Yaeger challenges the uncontradicted testimony of two elderly witnesses who testified about the disputed property's use from 1917 to 1948, apparently attacking their competence because of their ages and because of one witness's limited access to the land. The testimony of the two witnesses was strikingly similar, however, regarding landmarks and the use of the land. Further, photographs introduced at trial supported their testimony. We defer to the trial court's competency determination regarding these witnesses. See Cornfeldt v. Tongen, 262 N.W.2d 684, 692 (Minn. 1977) (witness competency determination is "peculiarly within the province of the trial judge").

Yaeger also claims S.P. Anderson's possession of the disputed property was not exclusive because a wooded area at the north end of the disputed property was at one time used as a park. On this point, one area resident testified that he heard that the wooded area had been used as a park. Another resident testified that 50 years earlier, or in approximately 1945, the area was used "somewhat * * * for fishing." When asked whether the public used the area, the resident answered, "I would -- yeah." However, the trial court apparently did not view the testimony of these residents as sufficient to establish the existence of a park. Further, during the mid-1940's when the one resident testified he had used the land for fishing, S.P. Anderson had already acquired the property by adverse possession because he and his successors had owned the farm for 28 years. See Fredericksen v. Henke, 167 Minn. 356, 361, 209 N.W. 257, 259 (1926) (title gained by adverse possession "is not lost by a cessation of possession, and continued possession is not necessary to maintain it"). Thus, others' use of the disputed property could have been permissive.

Yaeger further claims that S.P. Anderson's possession was not continuous because he was ill for several months and left the farm. Although Anderson left the farm for a few months, this fact alone did not break the continuity of possession. See Kelley v. Green, 142 Minn. 82, 85, 170 N.W. 922, 923 (1919) (short, temporary absences do not destroy continuity of possession). Despite his illness, Anderson continued his possession of the disputed property by maintaining the fences.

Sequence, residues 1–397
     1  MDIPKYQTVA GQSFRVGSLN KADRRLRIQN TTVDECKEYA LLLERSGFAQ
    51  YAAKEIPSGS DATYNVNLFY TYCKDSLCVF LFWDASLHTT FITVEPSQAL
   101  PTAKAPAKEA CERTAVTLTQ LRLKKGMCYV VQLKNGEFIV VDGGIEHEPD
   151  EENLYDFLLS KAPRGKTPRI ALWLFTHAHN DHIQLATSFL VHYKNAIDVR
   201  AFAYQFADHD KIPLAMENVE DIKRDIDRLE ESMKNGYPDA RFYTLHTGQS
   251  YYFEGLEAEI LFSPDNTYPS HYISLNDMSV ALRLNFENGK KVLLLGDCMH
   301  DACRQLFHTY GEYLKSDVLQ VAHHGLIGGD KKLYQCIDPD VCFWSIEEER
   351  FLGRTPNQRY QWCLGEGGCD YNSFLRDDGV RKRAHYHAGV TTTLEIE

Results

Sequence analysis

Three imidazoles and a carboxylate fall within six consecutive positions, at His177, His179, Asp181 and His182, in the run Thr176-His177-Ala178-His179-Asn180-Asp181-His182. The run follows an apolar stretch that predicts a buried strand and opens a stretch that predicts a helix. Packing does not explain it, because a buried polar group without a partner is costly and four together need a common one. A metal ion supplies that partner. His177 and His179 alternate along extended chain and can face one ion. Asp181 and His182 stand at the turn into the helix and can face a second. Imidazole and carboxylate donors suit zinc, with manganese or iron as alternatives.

Yaeger further claims that he purchased the property in good faith with no notice of adverse possession and that he should therefore be protected by the Recording Act. We disagree. Adverse possession "extinguishes the right of the party having the paper title and vests a perfect title in the adverse holder." Ehle v. Prosser, 293 Minn. 183, 192, 197 N.W.2d 458, 463 (1972). Thus, because the camp continued S.P. Anderson's adverse possession of the disputed property, Yaeger may not claim that he received no notice of the camp's claim to the property. See, e.g., Costello v. Edson, 44 Minn. 135, 138-39, 46 N.W. 299, 301 (1890) (visible, open use or appropriation of land gives real owner notice of adverse or hostile claim).

Finally, Yaeger claims that the camp should be estopped from acquiring title to the disputed property because it did not intervene when Yaeger's son-in-law carried out a tiling project in the area. This issue was not raised before the trial court, and this court declines to consider it on appeal. Thiele v. Stich, 425 N.W.2d 580, 582 (Minn. 1988). This court notes, however, that Yaeger's equitable concerns were addressed by the trial court because the court ordered the camp to pay him $3,500 for the cost of the tiling project and granted him an easement to allow him to maintain it.